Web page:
He snorted. "In all honesty, no, most of them do not. However, it hardly takes a genius to spot when a normally inseparable little gang have fallen out with one another."

It was definitely time to change the subject, she decided. Snape would know what she was doing, obviously, but hopefully he would let it drop. "Does it really hurt that much, for a man to be kicked... there?"

His dark eyes crinkled at the corners in a rather wry smile. "Yes, it really does. If questioned about this, I will deny what I am about to say, but should you ever find yourself in a serious fight, do not hesitate to do that again. There isn't a man alive who can continue fighting after that, not if it's done properly. Your ignorant friend is going to be walking rather oddly for the next day or two. Does he have Quidditch practice today?" he asked innocently.

Hermione felt herself blush again. "Um, I think so, actually..."

"I may have to try and watch," he mused, chuckling darkly.

"Can we please not talk about it, sir?" she asked pleadingly.

"You have spent far too much time with Dilys and Madam Pomfrey," he told her dryly. "You are being taught how to deny me any pleasure in life." Snorting softly, he relented. "As you wish. I am satisfied that he deserved it, since you would hardly act in such a fashion without due provocation, so if I were you I wouldn't feel too guilty."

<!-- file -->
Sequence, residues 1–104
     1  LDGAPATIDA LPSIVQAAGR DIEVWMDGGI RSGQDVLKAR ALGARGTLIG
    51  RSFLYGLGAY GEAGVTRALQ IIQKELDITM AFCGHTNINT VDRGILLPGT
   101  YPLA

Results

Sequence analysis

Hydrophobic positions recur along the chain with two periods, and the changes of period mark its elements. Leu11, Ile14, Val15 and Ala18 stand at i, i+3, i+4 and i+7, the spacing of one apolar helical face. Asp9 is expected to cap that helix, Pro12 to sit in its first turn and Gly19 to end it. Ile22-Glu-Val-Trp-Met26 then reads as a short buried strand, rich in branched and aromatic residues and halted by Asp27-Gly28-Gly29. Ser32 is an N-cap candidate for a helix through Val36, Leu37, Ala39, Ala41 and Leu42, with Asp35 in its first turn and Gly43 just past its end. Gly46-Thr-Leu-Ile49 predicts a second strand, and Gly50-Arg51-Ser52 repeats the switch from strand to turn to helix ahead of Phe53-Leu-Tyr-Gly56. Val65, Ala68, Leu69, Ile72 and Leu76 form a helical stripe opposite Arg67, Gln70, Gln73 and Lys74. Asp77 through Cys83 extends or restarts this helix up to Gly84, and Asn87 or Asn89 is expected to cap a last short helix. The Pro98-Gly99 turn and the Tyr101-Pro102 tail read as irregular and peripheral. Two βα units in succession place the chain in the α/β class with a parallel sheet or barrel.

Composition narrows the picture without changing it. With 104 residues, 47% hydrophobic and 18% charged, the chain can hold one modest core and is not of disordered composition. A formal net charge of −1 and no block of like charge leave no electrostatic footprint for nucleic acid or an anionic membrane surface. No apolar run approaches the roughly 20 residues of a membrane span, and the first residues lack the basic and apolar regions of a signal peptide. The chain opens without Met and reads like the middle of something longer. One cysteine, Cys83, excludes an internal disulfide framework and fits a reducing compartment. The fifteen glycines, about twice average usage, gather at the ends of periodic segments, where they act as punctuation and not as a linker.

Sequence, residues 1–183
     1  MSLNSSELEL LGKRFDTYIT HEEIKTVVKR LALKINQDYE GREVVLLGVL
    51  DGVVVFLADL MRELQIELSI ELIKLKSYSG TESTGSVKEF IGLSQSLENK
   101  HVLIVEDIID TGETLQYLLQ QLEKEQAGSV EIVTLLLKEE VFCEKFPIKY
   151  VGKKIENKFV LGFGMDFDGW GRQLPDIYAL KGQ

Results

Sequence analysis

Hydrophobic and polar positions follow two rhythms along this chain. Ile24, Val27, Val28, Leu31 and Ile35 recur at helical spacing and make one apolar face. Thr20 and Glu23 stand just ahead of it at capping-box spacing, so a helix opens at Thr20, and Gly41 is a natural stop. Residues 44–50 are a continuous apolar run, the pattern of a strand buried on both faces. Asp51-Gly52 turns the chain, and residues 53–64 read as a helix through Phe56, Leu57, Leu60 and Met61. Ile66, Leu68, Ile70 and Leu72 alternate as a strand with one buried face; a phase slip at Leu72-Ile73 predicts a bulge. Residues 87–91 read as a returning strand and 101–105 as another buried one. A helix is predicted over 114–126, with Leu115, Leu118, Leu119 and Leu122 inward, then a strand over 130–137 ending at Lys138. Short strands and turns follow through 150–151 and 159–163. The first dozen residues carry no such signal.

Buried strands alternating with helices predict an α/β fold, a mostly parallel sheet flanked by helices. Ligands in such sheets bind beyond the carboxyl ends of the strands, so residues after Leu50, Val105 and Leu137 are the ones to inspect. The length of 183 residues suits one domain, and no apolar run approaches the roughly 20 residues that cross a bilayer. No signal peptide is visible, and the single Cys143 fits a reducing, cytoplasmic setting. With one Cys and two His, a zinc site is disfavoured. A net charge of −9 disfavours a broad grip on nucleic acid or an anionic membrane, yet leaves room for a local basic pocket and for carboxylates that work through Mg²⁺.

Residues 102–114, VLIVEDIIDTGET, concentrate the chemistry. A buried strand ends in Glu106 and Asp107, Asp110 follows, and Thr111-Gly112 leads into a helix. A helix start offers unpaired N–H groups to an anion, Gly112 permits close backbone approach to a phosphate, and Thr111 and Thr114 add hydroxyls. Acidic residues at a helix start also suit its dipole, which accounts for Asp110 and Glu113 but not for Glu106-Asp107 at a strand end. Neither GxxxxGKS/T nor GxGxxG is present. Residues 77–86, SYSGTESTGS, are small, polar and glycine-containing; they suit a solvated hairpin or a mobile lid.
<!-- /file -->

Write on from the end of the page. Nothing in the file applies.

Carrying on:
They jogged along in companionable silence for a few minutes before she said hesitantly, "Professor?"

"What now, Granger?" he asked in mocking exasperation. "I do recall telling you last year not to speak to me in the mornings, you know."

"You started it," she retorted, biting her lip for a moment and gathering her courage. "What – what happened between you and Harry after I left, last night?"

"What did he say?" Snape asked neutrally, not looking at her this time and apparently absorbed in staring ahead of them at the muddy trail through the snow in the pre-dawn dimness.

"He couldn't really talk very clearly," Hermione said slowly, watching his face more than her footing. "He'd obviously been crying. All he said was that you hadn't hurt him."

There was a short pause before Snape answered in a rather odd tone of voice. "Do you believe him?"

"Yes and no, sir," she replied honestly. "I don't believe you'd hurt him without a very good reason, no matter what he said or did, not after all this time. But obviously something unpleasant happened, because he really looked upset, and – scared, almost. I don't think I've ever seen him quite like that, although I can't imagine what you would have done to him. I really don't know, sir."